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MPhil in Engineering for Sustainable Development

global challenges, engineering solutions

Studying at Cambridge

Gina Littlefair

Measuring the Impact of Temporary Buildings on People and Planet

Buildings are responsible for the consumption of a large proportion of the planet’s natural resources.  Sustainability strategies are available for buildings, such as the use of passive design or renewable technologies, which could help to reduce this impact on the planet, but the financial considerations may discourage their adoption.  

For organisations, the major expense is its staff and not the construction or operation of their buildings.  Romm and Browning (1998) believe that “if labor productivity goes up just one percent, that will produce the same bottom-line benefit as eliminating the entire energy bill”.  Studies have shown that sustainable buildings can improve the productivity of the staff that use them, including the reduction of absenteeism and staff turnover.  It can therefore be seen that in order to promote the design of sustainable buildings to organisations, the focus should be on their benefit to people rather than to the planet.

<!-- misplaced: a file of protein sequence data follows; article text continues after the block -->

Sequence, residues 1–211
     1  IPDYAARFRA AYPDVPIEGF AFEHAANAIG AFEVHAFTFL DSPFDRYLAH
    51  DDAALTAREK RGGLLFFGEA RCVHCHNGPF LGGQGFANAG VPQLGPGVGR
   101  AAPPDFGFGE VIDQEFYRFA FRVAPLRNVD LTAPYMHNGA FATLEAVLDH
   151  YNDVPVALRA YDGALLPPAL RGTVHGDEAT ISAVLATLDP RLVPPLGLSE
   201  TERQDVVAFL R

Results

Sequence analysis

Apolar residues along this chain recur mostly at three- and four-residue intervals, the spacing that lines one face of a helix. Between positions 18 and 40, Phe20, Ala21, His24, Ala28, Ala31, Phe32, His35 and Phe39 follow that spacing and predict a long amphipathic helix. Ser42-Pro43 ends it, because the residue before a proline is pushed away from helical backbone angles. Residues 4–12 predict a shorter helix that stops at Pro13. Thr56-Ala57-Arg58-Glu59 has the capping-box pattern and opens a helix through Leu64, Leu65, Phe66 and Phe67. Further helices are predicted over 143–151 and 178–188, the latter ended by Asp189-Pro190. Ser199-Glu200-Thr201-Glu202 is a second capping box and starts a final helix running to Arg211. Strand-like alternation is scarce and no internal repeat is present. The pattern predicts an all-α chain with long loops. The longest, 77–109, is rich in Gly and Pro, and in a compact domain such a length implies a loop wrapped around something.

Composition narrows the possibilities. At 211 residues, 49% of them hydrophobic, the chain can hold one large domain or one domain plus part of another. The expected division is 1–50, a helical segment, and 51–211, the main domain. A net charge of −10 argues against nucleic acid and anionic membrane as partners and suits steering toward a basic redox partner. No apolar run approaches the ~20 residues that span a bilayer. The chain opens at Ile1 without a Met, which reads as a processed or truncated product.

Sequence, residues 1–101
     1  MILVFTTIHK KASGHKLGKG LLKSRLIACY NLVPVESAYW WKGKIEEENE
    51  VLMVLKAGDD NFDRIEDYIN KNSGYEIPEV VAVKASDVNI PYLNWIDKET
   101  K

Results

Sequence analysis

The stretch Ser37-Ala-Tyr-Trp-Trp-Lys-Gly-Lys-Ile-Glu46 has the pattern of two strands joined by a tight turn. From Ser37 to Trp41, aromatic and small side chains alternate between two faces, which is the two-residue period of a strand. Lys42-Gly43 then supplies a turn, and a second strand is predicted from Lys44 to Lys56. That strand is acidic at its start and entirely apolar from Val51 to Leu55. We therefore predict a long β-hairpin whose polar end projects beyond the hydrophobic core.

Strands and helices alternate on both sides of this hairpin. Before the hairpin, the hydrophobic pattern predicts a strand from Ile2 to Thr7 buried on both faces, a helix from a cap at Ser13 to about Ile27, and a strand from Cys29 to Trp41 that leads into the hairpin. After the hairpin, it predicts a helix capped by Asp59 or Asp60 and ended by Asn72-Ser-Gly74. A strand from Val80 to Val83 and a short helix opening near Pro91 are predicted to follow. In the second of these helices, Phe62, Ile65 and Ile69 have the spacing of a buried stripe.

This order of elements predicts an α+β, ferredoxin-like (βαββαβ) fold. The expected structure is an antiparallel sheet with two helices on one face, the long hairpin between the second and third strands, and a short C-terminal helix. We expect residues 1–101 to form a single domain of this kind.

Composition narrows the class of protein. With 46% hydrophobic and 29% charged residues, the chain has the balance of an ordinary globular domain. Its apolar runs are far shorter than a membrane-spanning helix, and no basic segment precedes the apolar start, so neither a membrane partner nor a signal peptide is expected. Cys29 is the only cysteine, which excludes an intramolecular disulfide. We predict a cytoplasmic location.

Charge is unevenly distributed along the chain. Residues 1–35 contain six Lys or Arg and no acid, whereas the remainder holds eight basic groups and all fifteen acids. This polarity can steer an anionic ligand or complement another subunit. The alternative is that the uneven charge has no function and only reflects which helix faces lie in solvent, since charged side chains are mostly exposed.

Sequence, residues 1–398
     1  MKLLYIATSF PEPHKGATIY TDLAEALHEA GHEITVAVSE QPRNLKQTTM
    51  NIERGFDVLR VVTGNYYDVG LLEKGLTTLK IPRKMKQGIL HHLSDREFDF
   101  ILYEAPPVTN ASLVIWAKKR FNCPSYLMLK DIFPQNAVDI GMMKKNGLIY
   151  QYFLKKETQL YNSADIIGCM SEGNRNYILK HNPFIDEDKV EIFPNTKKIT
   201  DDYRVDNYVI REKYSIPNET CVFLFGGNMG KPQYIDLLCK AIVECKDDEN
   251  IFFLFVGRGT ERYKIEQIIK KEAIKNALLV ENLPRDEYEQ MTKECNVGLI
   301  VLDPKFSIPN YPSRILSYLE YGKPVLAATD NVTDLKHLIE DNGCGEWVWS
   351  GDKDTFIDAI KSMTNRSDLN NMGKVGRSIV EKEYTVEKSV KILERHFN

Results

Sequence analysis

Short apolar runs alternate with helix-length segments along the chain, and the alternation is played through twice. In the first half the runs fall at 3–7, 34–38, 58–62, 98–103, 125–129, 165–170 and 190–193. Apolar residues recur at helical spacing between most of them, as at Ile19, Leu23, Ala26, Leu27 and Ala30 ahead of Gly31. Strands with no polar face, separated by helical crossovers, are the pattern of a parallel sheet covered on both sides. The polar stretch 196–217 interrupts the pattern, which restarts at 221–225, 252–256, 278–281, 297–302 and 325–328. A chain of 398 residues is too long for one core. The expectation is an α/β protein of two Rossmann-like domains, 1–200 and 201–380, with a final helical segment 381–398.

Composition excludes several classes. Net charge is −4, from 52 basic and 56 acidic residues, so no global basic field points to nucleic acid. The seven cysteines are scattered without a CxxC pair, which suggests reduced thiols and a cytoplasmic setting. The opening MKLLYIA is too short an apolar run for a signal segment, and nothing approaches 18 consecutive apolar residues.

The loss or unavailability of staff is costly to any organisation, but particularly in the construction industry where the knowledge and skills of workers is an essential part of the product being offered.  Many construction staff spend at least a proportion of their working time on a construction site based in a temporary site office.  However, the impact of these facilities on the planet or on the people using them is rarely considered.  

To assess the sustainability of the site office, a building rating tool was needed that reflected their temporary nature.  The initial part of this research was the development of such a tool, based upon the Building Research Establishment’s Environmental Assessment Systems (BREEAM) for offices and industrial facilities.  This tool was used to assess three case studies.  The productivity of the people using each site office was measured quantitatively, using absenteeism data and qualitatively, using feedback obtained from the workers via a survey.

From these assessments, a positive correlation between the sustainability of a building and the productivity of the staff working can be inferred, offering an economic incentive to organisations to adopt sustainable building strategies, thus promoting their use, resulting in a reduction in the impact of buildings on the planet while having a positive effect on the people using them.